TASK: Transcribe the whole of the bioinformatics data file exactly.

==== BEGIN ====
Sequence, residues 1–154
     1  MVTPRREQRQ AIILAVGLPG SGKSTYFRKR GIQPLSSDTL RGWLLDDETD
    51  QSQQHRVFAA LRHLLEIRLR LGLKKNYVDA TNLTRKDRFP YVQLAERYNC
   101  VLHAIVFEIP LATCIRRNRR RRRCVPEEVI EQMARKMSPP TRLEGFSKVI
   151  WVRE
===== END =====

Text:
Sequence, residues 1–154
     1  MVTPRREQRQ AIILAVGLPG SGKSTYFRKR GIQPLSSDTL RGWLLDDETD
    51  QSQQHRVFAA LRHLLEIRLR LGLKKNYVDA TNLTRKDRFP YVQLAERYNC
   101  VLHAIVFEIP LATCIRRNRR RRRCVPEEVI EQMARKMSPP TRLEGFSKVI
   151  WVRE